District Attorney In Alec Baldwin's Case Wins New Mexico Democratic Primary Race

Janet Harman, with Vote Uncommitted New Mexico, holds a sign outside the Daskalos Center, urging Democrats to vote "uncommitted" in the June 4 primary election, in Northeast Albuquerque, N.M., on Tuesday, June 4, 2024. (Chancey Bush/The Albuquerque Journal via AP)
Janet Harman, with Vote Uncommitted New Mexico, holds a sign outside the Daskalos Center, urging Democrats to vote "uncommitted" in the June 4 primary election, in Northeast Albuquerque, N.M., on Tuesday, June 4, 2024. (Chancey Bush/The Albuquerque Journal via AP)
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SANTA FE, N.M. (AP) — An incumbent district attorney pursuing an involuntary manslaughter charge against Alec Baldwin fended off a Democratic challenger in New Mexico’s primary election on Tuesday to ensure her reelection.

In other results, two Republicans who have stoked Donald Trump’s failed efforts to overturn the 2020 election won GOP nominations for state Senate, advancing to competitive general election contests. And Democrats ousted a state senator accused of sexual harassment as voters picked their partisan favorites to reshape a Democratic-led Legislature, with all 112 seats up for election in November.

The votes in the first Senate election since redistricting in 2021 hold implications for Native American communities, the state's oil industry and the #MeToo movement.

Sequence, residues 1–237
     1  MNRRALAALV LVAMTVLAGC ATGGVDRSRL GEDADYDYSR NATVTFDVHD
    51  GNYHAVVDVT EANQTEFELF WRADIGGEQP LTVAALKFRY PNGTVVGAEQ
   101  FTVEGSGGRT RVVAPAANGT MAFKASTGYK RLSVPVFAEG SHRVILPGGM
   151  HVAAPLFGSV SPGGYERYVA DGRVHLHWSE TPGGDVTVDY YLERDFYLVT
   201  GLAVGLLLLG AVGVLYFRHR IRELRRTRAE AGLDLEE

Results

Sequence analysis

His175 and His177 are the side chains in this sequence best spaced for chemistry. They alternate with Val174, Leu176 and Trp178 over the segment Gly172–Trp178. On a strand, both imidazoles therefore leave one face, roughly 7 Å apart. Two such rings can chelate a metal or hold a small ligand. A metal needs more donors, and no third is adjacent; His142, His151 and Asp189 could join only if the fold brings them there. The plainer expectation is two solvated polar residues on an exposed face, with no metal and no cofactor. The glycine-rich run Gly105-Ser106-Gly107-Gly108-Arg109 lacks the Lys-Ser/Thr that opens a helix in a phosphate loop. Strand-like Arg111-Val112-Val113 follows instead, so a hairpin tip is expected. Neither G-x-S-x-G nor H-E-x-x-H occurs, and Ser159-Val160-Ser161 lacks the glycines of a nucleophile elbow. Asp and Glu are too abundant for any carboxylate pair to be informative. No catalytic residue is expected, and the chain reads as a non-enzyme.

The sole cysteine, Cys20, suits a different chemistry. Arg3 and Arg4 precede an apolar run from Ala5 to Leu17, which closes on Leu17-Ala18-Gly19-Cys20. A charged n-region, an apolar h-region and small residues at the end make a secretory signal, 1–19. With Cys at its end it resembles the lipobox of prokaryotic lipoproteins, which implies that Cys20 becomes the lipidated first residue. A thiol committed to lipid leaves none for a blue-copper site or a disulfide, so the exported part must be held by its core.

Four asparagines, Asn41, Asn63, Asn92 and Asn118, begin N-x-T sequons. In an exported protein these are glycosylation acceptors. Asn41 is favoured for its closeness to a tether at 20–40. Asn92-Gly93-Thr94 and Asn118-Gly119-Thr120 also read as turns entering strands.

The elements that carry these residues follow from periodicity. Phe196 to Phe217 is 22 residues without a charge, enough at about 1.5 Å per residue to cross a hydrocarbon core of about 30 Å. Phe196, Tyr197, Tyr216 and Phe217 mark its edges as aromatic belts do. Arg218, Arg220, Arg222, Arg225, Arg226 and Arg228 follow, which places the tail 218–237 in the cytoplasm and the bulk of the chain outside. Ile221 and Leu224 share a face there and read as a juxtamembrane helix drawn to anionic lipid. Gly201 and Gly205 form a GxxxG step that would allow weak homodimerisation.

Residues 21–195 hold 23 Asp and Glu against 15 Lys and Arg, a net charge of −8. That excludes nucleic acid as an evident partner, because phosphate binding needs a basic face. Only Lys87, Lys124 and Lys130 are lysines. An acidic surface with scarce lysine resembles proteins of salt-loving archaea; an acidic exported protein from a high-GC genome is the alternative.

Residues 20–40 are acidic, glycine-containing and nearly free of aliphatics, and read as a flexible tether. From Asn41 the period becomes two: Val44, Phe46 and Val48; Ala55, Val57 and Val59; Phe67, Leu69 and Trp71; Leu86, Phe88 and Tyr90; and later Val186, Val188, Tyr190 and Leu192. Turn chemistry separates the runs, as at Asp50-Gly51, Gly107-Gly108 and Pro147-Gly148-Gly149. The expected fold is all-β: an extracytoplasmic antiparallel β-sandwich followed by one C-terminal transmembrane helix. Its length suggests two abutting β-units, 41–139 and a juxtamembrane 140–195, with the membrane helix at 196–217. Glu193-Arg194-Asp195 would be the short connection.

New Mexico has a closed primary system that limits participation to voters who register with major parties, leaving out Independent or unaffiliated voters, but not Libertarians.


Native American candidates made inroads toward greater representation in the Legislature with victories in two closely watched Democratic primaries.

In Senate District 30, activist Angel Charley of the Coalition to Stop Violence Against Native Women won the Democratic nomination against pro-business, socially conservative former Sen. Clemente Sanchez in a redrawn district with more Native American influence.

Charley is Diné, with Laguna and Zuni Pueblo ancestry. There are no Republican contenders in the district stretching from Isleta Pueblo near Albuquerque to the Arizona state line, traversing Acoma and Laguna pueblos.

In House District 69, incumbent Democratic Rep. Harry Garcia of Grants lost his bid for a fifth term. Attorney Michelle “Paulene” Abeyta of To’hajiilee on the Navajo Nation won the nomination for a district where two-thirds of registered voters identify as Native American. Abeyta has no Republican competition in the general election.


District attorneys withstood primary challengers in crime-weary Albuquerque, as well as in Santa Fe, where special prosecutors are preparing to bring Alec Baldwin to trial in July on an involuntary manslaughter charge.

In a vote of confidence, incumbent Santa Fe-based District Attorney Mary Carmack-Altwies defeated former district attorney Marco Serna. Carmack-Altwies has vowed to hold Baldwin accountable for the death of cinematographer Halyna Hutchins.

In Albuquerque, incumbent District Attorney Sam Bregman, an appointee of the governor, ran successfully for the Democratic nomination, defeating Damon Martinez, who served as U.S. Attorney for New Mexico under President Barack Obama.